Before NATO took over leadership of the operation ISAF, 28 states with approximately 5,400 soldiers took part in it. The number of the participating states increased afterwards and the operation became more complex and demanding. The criteria and manner of participating in the ISAF mission have been set according to Rules of Engagement in peace support and standards of military operations in NATO.
The greatest number of the countries participating in ISAF are NATO’s members, at the moment twenty-six of them. Eleven states that are not NATO’s members are included in the operation. They are mostly members of NATO’s programme Partnership for Peace. Australia, Austria, Albania, New Zealand, and Switzerland also take part in the operation ISAF in Afghanistan. Almost 35,500 soldiers are under direct command of NATO Headquarters.
Besides units under NATO’s command, about 5,500 members of national support elements have been deployed to mission ISAF and are under direct command of national headquarters.
The condition of military participation of the states that are not NATO’s members is to obtain a certificate on adequate interoperability with NATO and possess requested capabilities of units that will take part in the operation.
Preparations for Participation of the Croatian Armed Forces in the Mission
The Croatian Parliament decides how many CAF members may be sent to peace mission ISAF at one time. The Government reaches a decision on the number of members and structure of the unit, respectively the number of individuals who are sent on one-time basis. The President of the Republic of Croatia, as Commander-in-Chief of the CAF, makes a decision with a detailed description of sending the mission. A report is submitted to the Croatian Government after the return of each group and an annual report is submitted to the Croatian Parliament. As required, a separate report is submitted to the Parliamentary Committee for Internal Politics and national Security.
All members of the CAF who participate in ISAF make a voluntary decision, confirming it with a Statement of Voluntariness. They are qualified for and are equipped accordingly.
Role of the CAF and Coalition Forces
Mission ISAF, with its security forces, provides support to the Afghan Government in establishment and keeping peace and security so as to expand the area of central authority from the capital to the entire territory. Preconditions would be created for a faster reconstruction of the state and building of the society and contribute significantly to regional stability. The international community has put a lot of effort in achieving the common goal to develop a sustainable, stable and democratic Afghanistan. Visible progress has been realized in the last five years but there are still many challenges in the years to come. It is important to mention that democratic institutions have been developing from the beginning. Children, including girls, are back in schools and women take part in political life. The Afghan economy has been slowly developing and searches again for its place in world economic trends: reconstruction of the country that was destroyed by a 25-year long-term turmoil. The international community has invested significant funds in improving the life of the Afghan people. Although Afghanistan is still one of the poorest countries, its economy has significantly development so the GDP is nowadays almost three times larger than in 2001.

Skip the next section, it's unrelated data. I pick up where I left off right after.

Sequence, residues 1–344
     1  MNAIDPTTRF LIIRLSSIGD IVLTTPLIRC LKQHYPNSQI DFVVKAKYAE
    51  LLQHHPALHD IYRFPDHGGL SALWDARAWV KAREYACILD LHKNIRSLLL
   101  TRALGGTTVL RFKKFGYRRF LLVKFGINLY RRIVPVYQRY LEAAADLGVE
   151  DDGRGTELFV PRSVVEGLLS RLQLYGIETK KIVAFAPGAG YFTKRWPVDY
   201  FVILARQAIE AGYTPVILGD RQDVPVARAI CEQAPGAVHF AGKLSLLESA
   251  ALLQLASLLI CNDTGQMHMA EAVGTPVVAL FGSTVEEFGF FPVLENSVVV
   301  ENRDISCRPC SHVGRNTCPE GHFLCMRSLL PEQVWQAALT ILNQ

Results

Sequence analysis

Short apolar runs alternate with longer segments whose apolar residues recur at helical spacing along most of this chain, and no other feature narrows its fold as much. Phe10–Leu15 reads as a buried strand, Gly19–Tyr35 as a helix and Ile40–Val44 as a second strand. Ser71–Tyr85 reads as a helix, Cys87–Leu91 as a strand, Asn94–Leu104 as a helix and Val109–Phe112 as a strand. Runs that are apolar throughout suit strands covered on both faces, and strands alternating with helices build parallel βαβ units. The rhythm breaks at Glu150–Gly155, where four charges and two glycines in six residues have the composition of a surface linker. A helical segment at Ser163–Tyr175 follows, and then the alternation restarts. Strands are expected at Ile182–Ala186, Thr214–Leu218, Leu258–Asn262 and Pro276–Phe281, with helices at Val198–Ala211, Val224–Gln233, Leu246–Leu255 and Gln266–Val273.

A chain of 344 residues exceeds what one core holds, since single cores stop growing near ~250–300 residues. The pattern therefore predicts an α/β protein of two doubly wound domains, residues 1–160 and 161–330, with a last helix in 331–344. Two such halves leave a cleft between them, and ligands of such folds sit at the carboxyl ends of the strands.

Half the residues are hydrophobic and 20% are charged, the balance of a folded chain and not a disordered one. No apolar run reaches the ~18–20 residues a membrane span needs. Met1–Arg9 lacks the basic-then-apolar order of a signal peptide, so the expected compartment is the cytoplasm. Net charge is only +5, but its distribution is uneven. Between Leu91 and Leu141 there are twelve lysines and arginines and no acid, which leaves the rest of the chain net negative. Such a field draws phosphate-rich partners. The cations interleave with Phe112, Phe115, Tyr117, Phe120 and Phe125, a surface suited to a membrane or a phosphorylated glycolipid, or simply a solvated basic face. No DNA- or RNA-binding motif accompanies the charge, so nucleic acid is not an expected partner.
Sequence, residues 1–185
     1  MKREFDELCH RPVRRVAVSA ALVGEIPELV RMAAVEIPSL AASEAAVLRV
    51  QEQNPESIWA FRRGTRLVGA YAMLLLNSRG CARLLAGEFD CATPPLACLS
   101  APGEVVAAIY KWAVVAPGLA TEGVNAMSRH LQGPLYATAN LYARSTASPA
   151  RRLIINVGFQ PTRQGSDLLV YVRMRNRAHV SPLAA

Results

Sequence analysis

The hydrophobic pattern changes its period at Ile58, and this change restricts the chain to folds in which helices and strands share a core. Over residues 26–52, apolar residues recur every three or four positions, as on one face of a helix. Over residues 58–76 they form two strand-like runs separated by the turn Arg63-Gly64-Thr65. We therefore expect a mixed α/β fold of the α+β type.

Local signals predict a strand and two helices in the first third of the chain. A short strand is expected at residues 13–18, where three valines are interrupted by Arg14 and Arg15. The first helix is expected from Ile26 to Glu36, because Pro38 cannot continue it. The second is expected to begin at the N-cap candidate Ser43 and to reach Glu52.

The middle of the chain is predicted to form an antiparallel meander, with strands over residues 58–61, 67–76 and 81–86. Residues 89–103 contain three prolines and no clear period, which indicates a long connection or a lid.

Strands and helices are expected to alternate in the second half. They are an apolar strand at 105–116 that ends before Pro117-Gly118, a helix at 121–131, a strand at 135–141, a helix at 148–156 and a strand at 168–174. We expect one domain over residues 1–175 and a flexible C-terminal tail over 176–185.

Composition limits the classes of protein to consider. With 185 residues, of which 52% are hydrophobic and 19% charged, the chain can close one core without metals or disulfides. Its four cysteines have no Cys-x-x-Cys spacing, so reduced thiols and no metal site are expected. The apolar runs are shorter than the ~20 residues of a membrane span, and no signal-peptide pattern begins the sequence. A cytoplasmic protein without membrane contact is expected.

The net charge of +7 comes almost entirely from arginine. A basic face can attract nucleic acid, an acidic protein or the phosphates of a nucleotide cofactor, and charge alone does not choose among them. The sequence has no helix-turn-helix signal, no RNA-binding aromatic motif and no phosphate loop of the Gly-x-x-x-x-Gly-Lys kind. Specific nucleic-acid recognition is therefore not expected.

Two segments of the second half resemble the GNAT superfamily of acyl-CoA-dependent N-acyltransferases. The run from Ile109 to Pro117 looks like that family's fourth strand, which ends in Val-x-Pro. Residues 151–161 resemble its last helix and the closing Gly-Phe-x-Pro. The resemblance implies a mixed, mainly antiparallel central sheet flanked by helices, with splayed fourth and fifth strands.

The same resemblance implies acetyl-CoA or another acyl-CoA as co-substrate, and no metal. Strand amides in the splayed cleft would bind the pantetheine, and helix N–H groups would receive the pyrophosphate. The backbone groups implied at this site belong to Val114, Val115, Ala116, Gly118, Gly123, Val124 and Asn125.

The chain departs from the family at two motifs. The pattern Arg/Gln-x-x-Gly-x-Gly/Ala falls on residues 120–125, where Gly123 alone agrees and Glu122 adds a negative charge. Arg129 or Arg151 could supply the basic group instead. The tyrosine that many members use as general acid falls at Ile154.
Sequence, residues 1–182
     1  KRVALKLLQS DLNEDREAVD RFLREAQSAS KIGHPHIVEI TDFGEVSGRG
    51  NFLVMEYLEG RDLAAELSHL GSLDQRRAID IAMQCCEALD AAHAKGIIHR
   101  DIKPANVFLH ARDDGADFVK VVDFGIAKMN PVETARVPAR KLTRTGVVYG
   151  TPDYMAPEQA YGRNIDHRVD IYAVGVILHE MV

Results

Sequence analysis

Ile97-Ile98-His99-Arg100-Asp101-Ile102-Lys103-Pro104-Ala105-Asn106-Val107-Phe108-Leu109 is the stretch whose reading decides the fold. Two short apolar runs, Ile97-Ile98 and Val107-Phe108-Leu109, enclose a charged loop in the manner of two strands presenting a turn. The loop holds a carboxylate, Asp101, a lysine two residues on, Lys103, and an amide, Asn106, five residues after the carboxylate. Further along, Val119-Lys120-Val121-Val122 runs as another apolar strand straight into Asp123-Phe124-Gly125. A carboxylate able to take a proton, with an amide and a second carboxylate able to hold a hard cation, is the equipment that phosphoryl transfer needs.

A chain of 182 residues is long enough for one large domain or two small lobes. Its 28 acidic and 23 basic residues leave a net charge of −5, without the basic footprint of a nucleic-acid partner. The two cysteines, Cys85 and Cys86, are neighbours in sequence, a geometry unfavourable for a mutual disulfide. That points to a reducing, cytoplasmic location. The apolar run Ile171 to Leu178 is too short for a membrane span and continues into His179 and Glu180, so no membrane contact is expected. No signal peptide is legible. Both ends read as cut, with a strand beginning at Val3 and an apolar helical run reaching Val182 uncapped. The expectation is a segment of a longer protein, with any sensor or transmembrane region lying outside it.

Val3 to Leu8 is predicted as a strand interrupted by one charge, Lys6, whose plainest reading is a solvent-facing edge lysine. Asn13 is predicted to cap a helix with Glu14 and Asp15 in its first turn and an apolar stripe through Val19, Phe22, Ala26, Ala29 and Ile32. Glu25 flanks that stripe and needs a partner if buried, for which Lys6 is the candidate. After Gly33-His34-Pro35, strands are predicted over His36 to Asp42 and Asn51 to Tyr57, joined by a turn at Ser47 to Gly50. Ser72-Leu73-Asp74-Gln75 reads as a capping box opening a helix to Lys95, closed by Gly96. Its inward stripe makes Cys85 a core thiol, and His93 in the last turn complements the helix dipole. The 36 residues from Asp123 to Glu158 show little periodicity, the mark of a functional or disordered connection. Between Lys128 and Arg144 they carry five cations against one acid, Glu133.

The first PRT was formed in early 2004 in the area of today’s Regional Command North. That was the German pilot-project in Kunduz. The wish was to expand the reach of the central Afghan authority and the zone of security farther from Kabul. Most of the PRTs were formed in northern and western Afghanistan, although there are some in the south and east. In early 2007 there were 25 PRTs.
Each PRT is organized and led by one state that possibly brings in another state – a co-leader. Other countries participate with their soldiers or units as support to implementation of projects worked out and planned by the leading state which bears a great part of expenses besides those agreed upon to be shared among states that participate in operation of the PRT.
Members of the CAF in ISAF are active in PRT Chaghcharan to the west of Afghanistan and in PRT Pol-e-Khomri to the north. Regarding that Croatia was planning to take over one PRT in 2008, the competent bodies of the state administration were carrying out appropriate preparations. The transitional phase in taking over is, inter alia, an intensive participation in PRT’s activities with the state that leads it during a certain period of time.
Participation in the ISAF mission and all lessons learned will help development of the CAF professional composition and of each soldier, NCO and officer so that they could continue to be a role model to other states in southeastern Europe.
Photos and text courtesy:
- Ministarstvo Obrane Republike Hrvatske Samostalna Služba za Odnose S Javnoscu I Izdavaštvo
- Odjel Hrvatskih Vojnih Glasila I Izdavašta
- Ilica 256b, Objekt 7/1, Zagreb, Croatia